Welcome to the Ballroom’s Stumbling Lead and Silent Follow

“The one to capture the crowd wins. The conditions to win are obvious: lead and follow, unity, ability to read the floor, configuration, and confidence and impact. He has them all now” (Sengoku Kaname, “Line of Dance”).

“Sure he was great, but don’t forget that Ginger Rogers did everything he did…backwards and in high heels” (Bob Thaves).

Couples dancing is one of the few stages left where the importance of following is just as strong as ever. Leading and following are set roles that dancers take, with men typically the leads and women the follows. We see this norm displayed in this season’s show, Ballroom e Youkoso, to varying degrees.

Fujita Tatara is understandably starstruck by the people he sees and the moves they make. He finds a goal he never knew he needed in competitive ballroom dancing, and undertakes the long and painful journey to earning his place among giants. Yet even among the stars, he meets others who challenge his vision. Leads like Akagi Gaju treat their partners with disdain and their desires with objective possession. To Gaju, his sister Mako is a weakness holding him back; Shizuku, in turn, is sexy, capable, and desirable. He wants to swap the two and use Shizuku to fulfill his own needs. Gaju’s chauvinistic greed is among the ugliest displays we see on the dance floor, and an example I hope Tatara avoids for the sake of himself, his partner, and us viewers. We need a lead who dances with, not for, the follow.

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[Review] Magi: Adventure of Sinbad

This review has been waiting side stage for quite awhile, having originally aired in the spring last year when I was overwhelmed with my wedding. I chose to backlog the show until a rainy day and was finally able to marathon it on Netflix. Magi: Adventure of Sinbad entertained me far more than I had expected, and I consider it more satisfying than the original series of Magi: The Labyrinth of Magic. Strong characters and a streamlined plot are the anime’s backbone, making it feel more like a standalone series worthy of your viewing than an optional prequel spin-off.

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[Review] Encouragement of Climb S1 and S2

Living in the Pacific Northwest of the United States means nature is always a short distance away. Day trips to the mountains for a bit of sightseeing, hiking, and picnicking are common. Having grown up in Alaska, I’ve always respected the wilderness in all her beauty and danger, but I never actively sought out my own adventures outside of required family and school excursions. When I moved to Washington State and spent more time in the city, I started to crave the meditative woods. For the first time, I researched different hiking trails, even going so far to look into hiking groups on Facebook and Meetup. Washington has a fantastic online resource that not only listing and mapping the trails, but also describing each step of the way and allowing users to upload pictures and their own seasonal trail reports.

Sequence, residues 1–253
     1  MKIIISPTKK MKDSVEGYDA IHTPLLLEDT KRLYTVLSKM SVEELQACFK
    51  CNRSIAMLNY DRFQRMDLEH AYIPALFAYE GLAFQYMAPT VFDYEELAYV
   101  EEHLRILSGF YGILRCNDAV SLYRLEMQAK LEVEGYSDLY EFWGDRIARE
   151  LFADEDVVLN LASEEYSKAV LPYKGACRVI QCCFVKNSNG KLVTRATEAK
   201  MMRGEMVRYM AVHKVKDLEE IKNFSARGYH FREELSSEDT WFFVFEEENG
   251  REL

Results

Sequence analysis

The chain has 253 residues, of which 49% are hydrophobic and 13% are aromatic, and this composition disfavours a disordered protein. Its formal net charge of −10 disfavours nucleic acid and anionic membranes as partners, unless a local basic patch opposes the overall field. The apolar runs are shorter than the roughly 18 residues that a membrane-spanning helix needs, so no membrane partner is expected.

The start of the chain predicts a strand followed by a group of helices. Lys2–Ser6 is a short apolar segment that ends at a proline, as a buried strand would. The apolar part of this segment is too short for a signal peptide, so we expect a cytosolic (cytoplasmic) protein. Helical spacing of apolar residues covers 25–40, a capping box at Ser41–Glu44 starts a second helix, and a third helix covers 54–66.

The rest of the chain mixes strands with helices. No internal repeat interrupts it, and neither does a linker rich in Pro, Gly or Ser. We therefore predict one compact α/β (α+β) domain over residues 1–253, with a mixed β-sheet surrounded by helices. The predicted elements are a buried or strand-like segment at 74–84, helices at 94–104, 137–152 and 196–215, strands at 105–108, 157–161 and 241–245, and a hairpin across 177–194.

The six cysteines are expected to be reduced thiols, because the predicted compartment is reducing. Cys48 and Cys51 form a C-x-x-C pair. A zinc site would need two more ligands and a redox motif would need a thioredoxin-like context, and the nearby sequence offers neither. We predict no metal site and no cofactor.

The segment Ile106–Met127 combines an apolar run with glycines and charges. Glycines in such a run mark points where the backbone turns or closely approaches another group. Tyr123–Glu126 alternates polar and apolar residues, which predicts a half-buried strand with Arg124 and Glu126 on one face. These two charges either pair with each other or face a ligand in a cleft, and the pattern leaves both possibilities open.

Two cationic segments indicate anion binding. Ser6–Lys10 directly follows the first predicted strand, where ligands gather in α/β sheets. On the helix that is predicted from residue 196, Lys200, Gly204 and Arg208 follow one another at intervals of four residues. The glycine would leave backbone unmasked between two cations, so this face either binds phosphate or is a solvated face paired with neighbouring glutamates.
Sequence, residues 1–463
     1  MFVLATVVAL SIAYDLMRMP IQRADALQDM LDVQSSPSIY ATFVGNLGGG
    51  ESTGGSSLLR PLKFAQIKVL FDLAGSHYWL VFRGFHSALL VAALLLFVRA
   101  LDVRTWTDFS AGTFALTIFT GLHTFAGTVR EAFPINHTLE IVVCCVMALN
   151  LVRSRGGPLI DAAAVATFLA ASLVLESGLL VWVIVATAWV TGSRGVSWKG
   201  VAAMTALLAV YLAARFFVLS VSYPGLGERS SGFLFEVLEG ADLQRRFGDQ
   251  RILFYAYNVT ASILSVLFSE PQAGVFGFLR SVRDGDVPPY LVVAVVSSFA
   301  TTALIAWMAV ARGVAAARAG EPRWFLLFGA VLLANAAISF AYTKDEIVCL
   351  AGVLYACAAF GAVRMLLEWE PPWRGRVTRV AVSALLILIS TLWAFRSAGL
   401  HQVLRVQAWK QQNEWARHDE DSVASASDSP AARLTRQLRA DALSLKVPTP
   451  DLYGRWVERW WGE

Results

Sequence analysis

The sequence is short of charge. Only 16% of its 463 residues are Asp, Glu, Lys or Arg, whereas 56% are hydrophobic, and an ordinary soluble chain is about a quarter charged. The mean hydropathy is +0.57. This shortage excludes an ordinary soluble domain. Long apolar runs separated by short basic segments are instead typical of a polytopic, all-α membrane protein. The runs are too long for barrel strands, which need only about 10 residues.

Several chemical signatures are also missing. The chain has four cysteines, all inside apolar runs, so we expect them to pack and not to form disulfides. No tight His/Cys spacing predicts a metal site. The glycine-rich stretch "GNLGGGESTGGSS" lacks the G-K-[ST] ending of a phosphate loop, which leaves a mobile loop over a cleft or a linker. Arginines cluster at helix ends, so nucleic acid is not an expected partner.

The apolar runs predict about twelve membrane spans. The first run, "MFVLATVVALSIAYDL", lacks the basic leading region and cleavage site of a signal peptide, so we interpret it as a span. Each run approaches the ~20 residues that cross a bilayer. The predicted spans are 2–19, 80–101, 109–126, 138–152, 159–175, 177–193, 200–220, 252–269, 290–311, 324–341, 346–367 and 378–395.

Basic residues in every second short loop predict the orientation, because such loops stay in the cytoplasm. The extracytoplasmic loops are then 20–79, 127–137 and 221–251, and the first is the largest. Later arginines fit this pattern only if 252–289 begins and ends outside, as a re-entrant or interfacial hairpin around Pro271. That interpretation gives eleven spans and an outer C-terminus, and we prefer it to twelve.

Not many people have the fortune of such readily accessible resources, and it can be intimidating getting into the hobby alone. It’s no surprise that Yama no Susume’s Aoi hesitates to accept Hinata’s offer to go hiking; she’s never had the occasion to venture into the wilderness for most of her life. It’s her lack of knowledge and insecurity fuel the sense of adventure that permeates every aspect of this series.

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Marina Eats: Made in Abyss, Riko Soup

“For the meat, put a hearty helping in a pot and sprinkle a bit of ground-up Eternal Fortunes on top. Mix in some stick miso, and then throw in a bunch of diced sainona greens. Ta-da! My special “Riko Soup” is ready!” (“The Edge of the Abyss”)

Fishing season is in full force back in my home state, which means tons of salmon ready to eat fresh, or to preserve by canning, smoking, or freezing. Growing up, my mother was always “that crazy Asian lady” who saved fish heads from being discarded by others so she could use them in her cooking. I loved her “fish head soup,” otherwise known as sinigang. Each spoonful tasted like the essence of fish. I especially enjoyed picking out the succulent cheeks and saving them for last. Plenty of cultures around the world also use fish heads and scraps for cooking to create a flavorful broth that can be used immediately or saved for later.

Riko and Reg work together in the fourth episode of Made in Abyss to create a simple but delicious fish soup. We watch Reg dive into the waters to catch some demonfish, and see Riko clean and cut like a pro. Smoking the innards for later consumption, she proceeds to use the rest of the fish–head, bones, and all–to extract every bit of flavor into their meal. Her cooking skills reveal the valuable time spent studying how to survive in the abyss. Cave raiders can be gone days, weeks, and even years at a time–far too long to bring enough prepared food to last. They need to not only survive the monsters and curses, but also their own hunger.

With knowledge, ability, and a few non-perishable goods, hearty and tasty food can be made fresh from the surrounding environment. Riko pulls out her treasures of “Eternal Fortunes” seasoning and a miso stick; nature provides everything else, the greens, water, and fish. Just like the cave raiders who are born from past raiders and years of training, Riko’s Soup combines ingredients from outside and inside the abyss.

I hope you enjoy my version of Riko’s Soup, a miso cod fish stew that warms the belly and soothes the heart.

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Marina Eats: Restaurant from Another World, Spaghetti with Pine Nuts and Meat Sauce

“The beef and pork are so tender and flavorful…frying and stewing them together makes the different flavors of both meats mingle together to create a taste that neither could produce alone. And the stewed vegetables of another world used as the sauce’s base–they were simmered and crushed into a liquid with a sweet sourness and lots of flavor” (“Spaghetti with Meat Sauce”).

This season’s culinary delight is Isekai Shokudo, otherwise known as Restaurant to Another World. In the first part of episode three, Western Restaurant Nekoya’s “Master” serves up spaghetti with meat sauce for Thomas Alfade, a former proprietor of Alfade Company, and his grandson, Sirius. Thomas’ love for Nekoya’s spaghetti spurred him to popularize wheat noodles and tomato sauce in his own world so that he could eat the dish whenever he liked. Sirius is surprised to hear this truth, as well as learn of the trade of ingredients between Nekoya and his own world that allows both sides to collaborate and grow.